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Learn how to make udon noodles at home from master Japanese chef Masaharu Morimoto.

Ever wonder how to make udon noodles at home? Leave it to Masaharu Morimoto to teach you the definitive way. Morimoto’s follow-up to his 2007 best-seller The New Art of Japanese Cooking is packed with essential wisdom on rice cookery, the science of furikake, the importance of bonito and the dexterity-heavy art of the sweet rolled omelet. If there’s a classic Japanese home-cooking technique you’ve been wanting to learn, whether it’s perfect tempura, flawlessly folded shumai or a simple bowl of noodles, this is the book to buy.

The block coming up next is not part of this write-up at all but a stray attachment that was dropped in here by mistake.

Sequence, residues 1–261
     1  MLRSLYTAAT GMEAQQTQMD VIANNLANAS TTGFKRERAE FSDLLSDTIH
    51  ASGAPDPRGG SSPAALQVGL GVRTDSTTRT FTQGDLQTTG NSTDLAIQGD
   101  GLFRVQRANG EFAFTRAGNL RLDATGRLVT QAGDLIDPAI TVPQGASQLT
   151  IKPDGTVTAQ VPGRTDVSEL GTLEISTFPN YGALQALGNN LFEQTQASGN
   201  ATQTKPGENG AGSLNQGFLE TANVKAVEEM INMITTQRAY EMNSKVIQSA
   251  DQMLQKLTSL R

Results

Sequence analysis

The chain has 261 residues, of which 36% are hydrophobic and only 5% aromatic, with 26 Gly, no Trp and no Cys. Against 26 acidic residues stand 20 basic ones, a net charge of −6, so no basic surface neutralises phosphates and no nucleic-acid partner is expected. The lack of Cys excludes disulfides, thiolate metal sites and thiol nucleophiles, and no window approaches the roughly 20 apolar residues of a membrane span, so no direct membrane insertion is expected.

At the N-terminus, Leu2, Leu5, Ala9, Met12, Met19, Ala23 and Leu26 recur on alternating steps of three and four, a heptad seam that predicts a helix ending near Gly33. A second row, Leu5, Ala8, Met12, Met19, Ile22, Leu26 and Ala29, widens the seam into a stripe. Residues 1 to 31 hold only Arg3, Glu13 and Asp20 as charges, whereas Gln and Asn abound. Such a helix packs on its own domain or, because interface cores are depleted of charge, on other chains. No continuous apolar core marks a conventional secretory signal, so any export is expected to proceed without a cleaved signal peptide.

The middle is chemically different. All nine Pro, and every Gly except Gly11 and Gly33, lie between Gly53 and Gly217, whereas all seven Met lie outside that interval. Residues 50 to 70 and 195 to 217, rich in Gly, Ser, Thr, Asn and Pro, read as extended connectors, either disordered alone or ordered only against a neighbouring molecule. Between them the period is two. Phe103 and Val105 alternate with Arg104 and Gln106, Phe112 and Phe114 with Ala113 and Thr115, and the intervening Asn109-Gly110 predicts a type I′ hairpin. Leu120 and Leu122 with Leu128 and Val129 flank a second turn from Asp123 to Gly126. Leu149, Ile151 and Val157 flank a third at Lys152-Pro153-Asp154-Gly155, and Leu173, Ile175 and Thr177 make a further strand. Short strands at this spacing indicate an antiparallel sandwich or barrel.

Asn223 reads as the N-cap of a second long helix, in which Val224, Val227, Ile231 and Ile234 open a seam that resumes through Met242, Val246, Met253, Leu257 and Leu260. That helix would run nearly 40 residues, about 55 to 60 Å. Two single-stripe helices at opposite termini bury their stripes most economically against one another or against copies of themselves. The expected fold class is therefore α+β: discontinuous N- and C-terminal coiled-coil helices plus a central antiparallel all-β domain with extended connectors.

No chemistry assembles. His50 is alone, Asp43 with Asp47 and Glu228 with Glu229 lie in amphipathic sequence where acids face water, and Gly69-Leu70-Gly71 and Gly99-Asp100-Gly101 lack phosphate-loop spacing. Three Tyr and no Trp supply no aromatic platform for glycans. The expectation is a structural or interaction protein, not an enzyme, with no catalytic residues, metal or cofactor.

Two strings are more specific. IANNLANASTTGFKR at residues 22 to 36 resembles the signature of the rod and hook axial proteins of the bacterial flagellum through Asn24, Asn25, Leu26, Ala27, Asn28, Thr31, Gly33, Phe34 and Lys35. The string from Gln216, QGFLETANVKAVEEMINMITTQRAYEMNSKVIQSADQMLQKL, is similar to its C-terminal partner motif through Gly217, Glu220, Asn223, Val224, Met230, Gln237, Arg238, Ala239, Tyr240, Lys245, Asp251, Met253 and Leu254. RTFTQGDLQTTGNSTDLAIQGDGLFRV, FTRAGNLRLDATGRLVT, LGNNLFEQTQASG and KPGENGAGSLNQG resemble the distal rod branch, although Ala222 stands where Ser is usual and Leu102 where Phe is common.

Dried udon noodles are fine. Store-bought precooked udon work well. But there’s nothing like homemade udon, and believe it or not, you really can make the irresistibly slick, chewy, springy noodles at home. Udon take no great skill. Just flour, water, a rolling pin, and a little patience. If kneading the dough, which activates the gluten in the flour and gives the noodles their texture, makes your arms tired, do what home cooks in Japan do: Put the dough in a resealable plastic bag, wrap it in a towel, and knead with your feet!

Reprinted with permission from Mastering the Art of Japanese Home Cooking